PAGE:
Format

Now let’s take a quick look at the Format menu. This is reached by pressing 2nd ZOOM (you’ll see FORMAT written above the key) and lets us control a variety of aspects of how the graph is formatted.

RectGC and Polar GC let us choose how coordinates are displayed when using the TRACE function.

CoordOn and CoordOff toggle whether or not coordinates are displayed when using the TRACE function. It’s usually best to leave this on.

GridOff and GridOn set whether or not you want a basic grid overlay displayed on your graph. This function can add a lot of clutter, but might also help you make more sense of your picture. Let’s set this to “On”.

AxesOn and AxesOff toggle the coordinate axes and LabelOff and LabelOn give you the option to display labels on these axes or not.

Finally, ExprOn and ExprOff set whether or not you want the equation to be displayed on top of the graph when you’re using the TRACE function.

You’ll notice that when we go back to the graph, the grid is now displayed.


Calc

Finally, let’s take a look at the Calc menu, which can be reached by pressing 2nd TRACE. This menu provides a variety of handy tools for doing calculations from your graphs.

Value tells you the value of the currently selected function at a specific point. You can select the current function by pressing and while in TRACE mode.

Zero lets you find zeroes of the function within an interval you specify.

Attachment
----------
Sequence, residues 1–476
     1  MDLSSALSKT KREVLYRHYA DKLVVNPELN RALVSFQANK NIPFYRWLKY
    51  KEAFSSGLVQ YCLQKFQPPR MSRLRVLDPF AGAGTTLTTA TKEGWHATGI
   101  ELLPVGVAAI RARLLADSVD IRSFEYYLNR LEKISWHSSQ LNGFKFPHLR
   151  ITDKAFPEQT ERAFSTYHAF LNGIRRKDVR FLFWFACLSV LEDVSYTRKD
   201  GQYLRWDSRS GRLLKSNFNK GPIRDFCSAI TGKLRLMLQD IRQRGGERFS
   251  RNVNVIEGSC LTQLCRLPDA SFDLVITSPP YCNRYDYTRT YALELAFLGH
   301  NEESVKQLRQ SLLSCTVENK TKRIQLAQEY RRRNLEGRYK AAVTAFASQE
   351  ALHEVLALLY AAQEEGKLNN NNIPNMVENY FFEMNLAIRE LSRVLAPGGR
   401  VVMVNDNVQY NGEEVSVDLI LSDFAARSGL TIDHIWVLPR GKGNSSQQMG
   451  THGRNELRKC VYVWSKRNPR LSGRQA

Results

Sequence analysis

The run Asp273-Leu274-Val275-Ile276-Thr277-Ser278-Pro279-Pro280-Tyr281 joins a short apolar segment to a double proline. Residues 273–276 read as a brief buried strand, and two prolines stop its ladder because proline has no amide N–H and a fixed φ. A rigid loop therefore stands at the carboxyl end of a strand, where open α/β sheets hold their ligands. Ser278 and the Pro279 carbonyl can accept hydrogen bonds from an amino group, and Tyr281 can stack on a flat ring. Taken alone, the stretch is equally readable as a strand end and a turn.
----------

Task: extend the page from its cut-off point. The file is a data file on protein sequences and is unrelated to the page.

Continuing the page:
Minimum finds the minimum value of a function within a range, and Maximum likewise finds the max value on an interval.

Intersect finds the intersection between two curves, which can be a very handy feature.

Finally, dy/dx calculates the derivative of the currently selected function at a point, and the ∫f(x)dx calculates the area between a curve and the x axis over an interval.

Let’s take a look at the intersect feature. Since we only have two curves, we can press ENTER twice to select both of them. Then select a guess. This is important because functions may have multiple intersections, and sin(x) and x2 do. Clearly they both intersect at x = 0 because they are both zero at that point, so let’s look for the other intersection.

The calculator tells us that this intersection occurs at an x coordinate of about .877 and the value of the functions at this point is about .769.

There are many more advanced features of the graphing functions on your calculator, but this provides a basis for understanding how to use practically all of these. Look out for our upcoming videos on polar graphing, parametric graphing, and plotting data, and be sure to follow us at @calcblog on Twitter and on Facebook at the Calcblog fan page.


One Response to How to Graph Equations on the TI-83 Plus and TI-84 Plus

  1. Jim Wong

    Thanks for making the great video! I’ll definitely refer my students to this post.